Hands up everybody who’s read Charles Darwin’s The Formation of Vegetable Mould Through the Action of Worms : With Observations on Their Habits. I thought so.
Yes, it was tedious. It was also fascinating to witness the care Darwin took with his experiments. The book was chosen for discussion by the Garden and Forest Bookclub at Central Park’s Arsenal. It was delightful to be immersed in an early evening discussion of Darwin’s background, his science, and his interest in all of nature. How relaxing not to be discussing current events.
Chromatic Space is a celebration of the eightieth anniversary of American Abstract Artists. It’s at the Shirley Fiterman Art Center in Lower Manhattan. I wanted to see the work of Clover Vail and, as usual, she didn’t disappoint.
Untitled by Clover Vail
A Tree Falls in Brooklyn
A Tree Falls in Brooklyn to quote my clever friend, C. B. I hope that’s not your Mitsubishi.
Sunday evening was spent for a few hours in The Frick Collection’s Music Room. The Carducci Quartet, two violins, one viola and one cello, played a lively selection of Mendelssohn, Shostakovich and Beethoven.The Anglo-Irish quartet plays across a gamut of classical and modern. The concert began at five p.m., ended around seven and then it was on to dinner at Le Charlot, a very snazzy, local French bistro.
Part of the City Center sprawl is the Studio 5 series that is presented in a 56th Street studio. It began with Damian Woetzel and Wendy Whalen, sitting on high chairs like life guards, talking to the 200 member audience sitting around the perimeter of the large, bare space. Whalen and Woetzel met in 1986 when both were fledgling dancers at New York City Ballet. Woetzel is now the Artistic Director of the Vail Dance Festival. The evening’s program focused on Remixing A Festival From Vail to New York. The workshop is the first of four about dance. The dancing began with Robert Fairchild preforming a solo dance that Woetzel critiqued. This was followed by Unity Phelan and Cameron Dieck, young NYCB dancers, demonstrating how to interpret various dance movements. Heather Watts joined in the discussion and led Phelan through a few suggestive steps. Cameron Grant was the pianist who tripped merrily along with the dancers.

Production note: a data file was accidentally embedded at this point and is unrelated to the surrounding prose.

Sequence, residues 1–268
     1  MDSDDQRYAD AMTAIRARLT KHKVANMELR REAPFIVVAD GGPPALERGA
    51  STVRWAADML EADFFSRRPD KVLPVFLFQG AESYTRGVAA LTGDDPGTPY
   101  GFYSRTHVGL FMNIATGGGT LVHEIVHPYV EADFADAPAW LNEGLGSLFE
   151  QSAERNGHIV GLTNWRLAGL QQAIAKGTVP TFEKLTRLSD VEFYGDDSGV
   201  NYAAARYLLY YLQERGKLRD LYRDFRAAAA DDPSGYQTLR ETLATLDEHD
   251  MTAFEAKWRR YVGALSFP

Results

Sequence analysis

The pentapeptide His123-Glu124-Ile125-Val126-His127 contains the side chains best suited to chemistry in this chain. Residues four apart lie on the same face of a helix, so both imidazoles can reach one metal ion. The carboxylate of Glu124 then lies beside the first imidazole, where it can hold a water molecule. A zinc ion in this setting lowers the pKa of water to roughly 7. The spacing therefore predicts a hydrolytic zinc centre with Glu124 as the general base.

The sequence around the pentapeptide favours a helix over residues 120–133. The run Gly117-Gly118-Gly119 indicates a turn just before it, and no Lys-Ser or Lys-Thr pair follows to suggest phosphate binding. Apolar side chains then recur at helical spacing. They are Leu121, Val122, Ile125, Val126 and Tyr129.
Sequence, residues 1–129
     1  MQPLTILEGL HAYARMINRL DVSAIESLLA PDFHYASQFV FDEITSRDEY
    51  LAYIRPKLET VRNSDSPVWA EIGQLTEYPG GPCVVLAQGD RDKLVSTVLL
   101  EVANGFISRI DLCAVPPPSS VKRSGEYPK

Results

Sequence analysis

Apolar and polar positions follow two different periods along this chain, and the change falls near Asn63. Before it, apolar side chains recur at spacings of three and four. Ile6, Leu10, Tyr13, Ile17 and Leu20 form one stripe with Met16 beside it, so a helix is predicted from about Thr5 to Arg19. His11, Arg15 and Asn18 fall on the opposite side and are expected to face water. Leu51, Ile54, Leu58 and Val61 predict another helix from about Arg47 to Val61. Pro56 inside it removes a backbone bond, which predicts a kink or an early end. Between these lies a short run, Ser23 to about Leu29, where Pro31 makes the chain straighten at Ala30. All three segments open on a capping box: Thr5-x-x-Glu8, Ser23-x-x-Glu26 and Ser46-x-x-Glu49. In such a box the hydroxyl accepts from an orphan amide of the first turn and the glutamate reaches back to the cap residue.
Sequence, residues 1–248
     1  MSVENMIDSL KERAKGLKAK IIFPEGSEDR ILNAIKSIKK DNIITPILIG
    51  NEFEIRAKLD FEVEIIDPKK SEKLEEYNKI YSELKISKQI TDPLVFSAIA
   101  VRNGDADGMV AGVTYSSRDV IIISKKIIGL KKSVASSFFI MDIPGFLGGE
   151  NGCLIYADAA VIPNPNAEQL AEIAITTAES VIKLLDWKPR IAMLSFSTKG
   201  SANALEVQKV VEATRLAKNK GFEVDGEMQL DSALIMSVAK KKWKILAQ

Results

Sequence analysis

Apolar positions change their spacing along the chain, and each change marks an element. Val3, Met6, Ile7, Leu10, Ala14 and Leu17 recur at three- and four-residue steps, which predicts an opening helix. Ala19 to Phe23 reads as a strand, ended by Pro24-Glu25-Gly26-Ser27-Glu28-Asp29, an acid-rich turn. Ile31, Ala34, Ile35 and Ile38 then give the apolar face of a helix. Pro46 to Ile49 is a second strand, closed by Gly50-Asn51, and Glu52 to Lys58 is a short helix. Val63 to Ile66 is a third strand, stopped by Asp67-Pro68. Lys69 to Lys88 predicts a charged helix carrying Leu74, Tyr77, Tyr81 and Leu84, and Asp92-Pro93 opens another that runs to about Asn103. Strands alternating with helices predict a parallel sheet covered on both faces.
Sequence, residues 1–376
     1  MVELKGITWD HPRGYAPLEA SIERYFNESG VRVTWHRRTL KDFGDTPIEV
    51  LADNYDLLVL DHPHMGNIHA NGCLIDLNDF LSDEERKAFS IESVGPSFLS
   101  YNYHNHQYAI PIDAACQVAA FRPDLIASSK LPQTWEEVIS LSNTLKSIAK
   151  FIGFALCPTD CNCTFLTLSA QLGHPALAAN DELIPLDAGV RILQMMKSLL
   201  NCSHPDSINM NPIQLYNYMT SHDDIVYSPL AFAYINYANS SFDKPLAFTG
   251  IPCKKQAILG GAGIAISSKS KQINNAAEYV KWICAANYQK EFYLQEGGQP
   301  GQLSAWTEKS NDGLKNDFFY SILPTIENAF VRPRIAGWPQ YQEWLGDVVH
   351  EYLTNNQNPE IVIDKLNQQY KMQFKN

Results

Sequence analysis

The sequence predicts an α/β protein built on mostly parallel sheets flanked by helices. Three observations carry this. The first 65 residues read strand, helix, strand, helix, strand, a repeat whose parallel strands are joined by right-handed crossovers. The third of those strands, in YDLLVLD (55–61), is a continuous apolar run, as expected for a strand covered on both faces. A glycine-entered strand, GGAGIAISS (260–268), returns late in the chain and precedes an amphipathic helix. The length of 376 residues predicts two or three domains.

Friday night a friend and I knew why we love NYC. We attended The Music of Gerry Mulligan at Julliard. The jazz pianist, Bill Charlap, was the conductor. In addition to leading the Julliard Jazz Orchestra, Charlap played several of his favorite Mulligan pieces. As if this
weren’t enough, he also gave succinct summaries of Mulligan’s musical development. Line for Lyons was a tribute to Mulligan’s pianoless quartet that played at the west coast club, The Haig. .Everyone who’s interested in jazz knows that Mulligan played the baritone saxophone. I had not realized what a fine composer he was. Thanks to Julliard, now I do. The audience in the Peter Sharp Theatre was a mix of family (“My grandson is the drummer,” a very proud grandfather told me.), fellow students who shouted encouragement whenever their musician pal was cited by Charlan and the rest of us jazz lovers.
It’s great fun being a two hour docent at Judson Memorial Church during Open House New York. People are in awe seeing the LaFarge stained glass windows. They soak up the Judson history and nod approvingly when told that Judson welcomes all, whether you believe in a religion or not is your business as is your sexual orientation. Some know about Judson’s rich theatrical and dance history. Because we don’t have pews, many are surprised it’s an active church. It is wonderful to stand in a church you know well and have other people, in their delight, remind you of how luck you are to be a member of such a special space.
LaFarge’s stain glassed windows at Judson Memorial Church
Was it only last Saturday that I flew home on Virgin Atlantic fortified by Le Latin Fizz, champagne and South American citrus? Want to spend a lot of money? Want to die poor? Fly Virgin Atlantic Upper Class. When you arrive at the airport you’re ushered to a private section, usually an elevator ride to another floor. At Heathrow the Virgin Atlantic Club resembled a swanky scene from a James Bond movie. Enough of this bragging. Arriving at JFK was a wake up call. We returned to the homeland with a jolt. Were the supervisors who run the entry experience trained at Rikers? Round and round we went in circles until one of the employees shouted stop. Okay, I’ll stop.
The bar at the entrance to Upper Class, Virgin Atlantic
The next night was the first Frick concert. It’s a harbinger of autumn, a delicious season in NYC. The Brazilian Guitar Quartet played, among others, Albania, de Falla, Villa-Lobos.
Off to Granville, New York, on the N. Y. – Vermont border to spend time with lovely friends. They live part time in an 1880s house built by a great-grandfather. We travelled around the area and had fun trying new
Lulu, one of the weekend guests and a great listener
restaurants such as The Good Beet in Greenwich. That’s pronounced Green Witch and it’s worth the trip alone for the brisket. North of Granville is Rathbun’s , an old favorite for delicious food (buttermilk pancakes, bacon, sausage, biscuits and gravy) and cardiac arrest. In between eating we travelled the Vermont backroads where autumn is in full swing. Calendar perfect views were everywhere. We went to Roy Egg to say hello to an old pal, Leroy, who is obsessed with chickens and eggs.